The reverend cajoles the demon to leave the body of Newsome. A bulge appears in Newsome’s throat, and the electricity powers off. A window shatters, and the electricity powers back on. A creature that resembles a tennis ball with green spikes for legs emerges from the body of Newsome. Katherine swipes at the creature with a broom, and misses. The creature then attempts to possess the body of Melissa, Newsome’s housekeeper. However, Katherine hits Melissa in the face with a broom, and the creature leaves Melissa’s body. Katherine and the rest of Newsome’s staff believe that they have defeated the creature.
Newsome tells Katherine that he feels better, but it appears that the reverend has died in the struggle. The electricity then powers off again, and Katherine feels something crawl onto the back of her hand.
Um, shudder? Or ick? Maybe shudder ick (to coin a new term)?
In other words, this was one creepy ass story…let me count the ways!
And, in the style of Stephen King, it was creepy in more ways than one…
First of all, chronic pain. I know that’s not a supernatural horror, but it is a “human” horror. King writes very well about the horrors of the everyday world. Pain is one of those horrors. And it is one that I understand. I am sure that King understands it much better than I do, given the horrific accident he suffered on June 19th, 1999.
So I could understand where Newsome was coming from, to a point. Living with pain is not fun, and it can really feel like a non stop horror movie. And it will make a person desperate, willing to try almost anything to get relief from it.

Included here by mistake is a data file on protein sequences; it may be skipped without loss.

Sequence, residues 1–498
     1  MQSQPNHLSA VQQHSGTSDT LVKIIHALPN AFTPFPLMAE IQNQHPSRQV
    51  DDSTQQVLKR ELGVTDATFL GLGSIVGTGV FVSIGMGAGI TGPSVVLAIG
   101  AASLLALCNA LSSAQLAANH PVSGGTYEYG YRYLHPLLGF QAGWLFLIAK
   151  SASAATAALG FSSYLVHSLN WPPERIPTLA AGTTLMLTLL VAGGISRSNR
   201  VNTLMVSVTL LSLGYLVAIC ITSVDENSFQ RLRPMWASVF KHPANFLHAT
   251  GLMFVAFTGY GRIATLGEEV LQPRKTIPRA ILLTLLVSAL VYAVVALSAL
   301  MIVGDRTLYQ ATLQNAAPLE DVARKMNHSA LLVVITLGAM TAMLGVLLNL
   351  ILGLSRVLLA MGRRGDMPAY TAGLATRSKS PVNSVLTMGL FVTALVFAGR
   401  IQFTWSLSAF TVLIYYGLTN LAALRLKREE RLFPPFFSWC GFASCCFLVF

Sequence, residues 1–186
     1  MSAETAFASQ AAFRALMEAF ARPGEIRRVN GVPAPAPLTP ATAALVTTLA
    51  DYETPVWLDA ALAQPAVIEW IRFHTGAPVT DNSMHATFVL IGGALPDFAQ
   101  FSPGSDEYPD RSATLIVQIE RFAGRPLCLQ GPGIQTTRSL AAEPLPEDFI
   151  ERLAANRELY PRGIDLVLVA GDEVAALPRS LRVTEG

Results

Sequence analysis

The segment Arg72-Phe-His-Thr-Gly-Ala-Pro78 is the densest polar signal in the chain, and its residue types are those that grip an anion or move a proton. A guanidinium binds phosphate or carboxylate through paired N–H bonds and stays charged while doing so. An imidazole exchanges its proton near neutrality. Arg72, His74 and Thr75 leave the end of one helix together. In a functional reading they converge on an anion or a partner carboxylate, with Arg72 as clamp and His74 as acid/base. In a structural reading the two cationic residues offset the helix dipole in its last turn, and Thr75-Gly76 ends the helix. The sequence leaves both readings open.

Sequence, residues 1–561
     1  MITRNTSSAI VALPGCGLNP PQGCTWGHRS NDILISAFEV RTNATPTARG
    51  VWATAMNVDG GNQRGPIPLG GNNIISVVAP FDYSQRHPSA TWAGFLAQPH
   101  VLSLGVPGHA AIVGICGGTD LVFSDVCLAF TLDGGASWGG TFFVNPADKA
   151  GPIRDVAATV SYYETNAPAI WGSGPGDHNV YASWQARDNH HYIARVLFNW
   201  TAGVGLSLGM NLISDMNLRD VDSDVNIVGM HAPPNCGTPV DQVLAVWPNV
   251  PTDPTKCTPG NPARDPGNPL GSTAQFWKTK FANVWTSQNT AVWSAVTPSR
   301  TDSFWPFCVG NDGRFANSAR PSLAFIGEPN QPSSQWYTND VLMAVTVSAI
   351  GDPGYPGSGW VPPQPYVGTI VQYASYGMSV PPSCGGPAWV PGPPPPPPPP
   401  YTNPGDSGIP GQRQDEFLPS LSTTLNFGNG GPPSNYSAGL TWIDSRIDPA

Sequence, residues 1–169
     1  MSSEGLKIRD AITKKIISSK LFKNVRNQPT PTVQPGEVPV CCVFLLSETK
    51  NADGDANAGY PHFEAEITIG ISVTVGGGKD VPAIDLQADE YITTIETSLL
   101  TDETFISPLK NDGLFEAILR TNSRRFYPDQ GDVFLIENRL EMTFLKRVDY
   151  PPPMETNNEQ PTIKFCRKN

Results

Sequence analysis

But I could also understand how Katherine felt. Caring for someone who suffers from chronic pain is not an easy task (my husband would testify to this, I am sure). Chronic pain often affects more than one person, and is indeed an every day horror.
But of course, this is Stephen King. So let’s talk about the supernatural horror already…after all, this is Stephen King!
First of all, the description of the demon, or whatever it was…
So, thanks to Stephen King, I will never look at green koosh balls in the same way again. Thanks, Uncle Stevie, and maybe I should thank Obama for good measure, while I am at it!
The build-up before the demon revealed itself was also terrifying. King’s description of it being flushed out of Newsome and looking like a a goiter (ew much?) was just…nasty. I can think of no other word for it. The reverend cajoling the creature out of Newsome also created some terrifying imagery, making me think of movies like The Exorcist, although we were (thankfully) spared of green vomit coming out of people.
The ending of this story was unsettling as well.
First of all, the “good” guy, Reverend Rideout, lost his life in the fight. I do believe that he was one of the good guys, because of his refusal to accept an excessive amount of money from Newsome, and the fact that he did give his life in the fight. So that part was a downer.
And the ending! The creature, whatever it was, was not defeated. And it went on to claim its next victim in Katherine, who, ironically, was skeptical of the ritual to flush it out, and also skeptical of Newsome’s complaints. However, I did not consider Katherine to be “bad”. Her skepticism was understandable, and so was her impatience with her employer. So seeing her (ostensibly) become the next victim was disturbing. It was just further proof that monsters do not care who their victims are, only that they victims are there for the taking.
The ending reminds us that often, the monsters live. And they continue to commit evil deeds. And sometimes, the only thing standing between someone, and whether or not that person is victimized by the evil, is simply pure, dumb luck.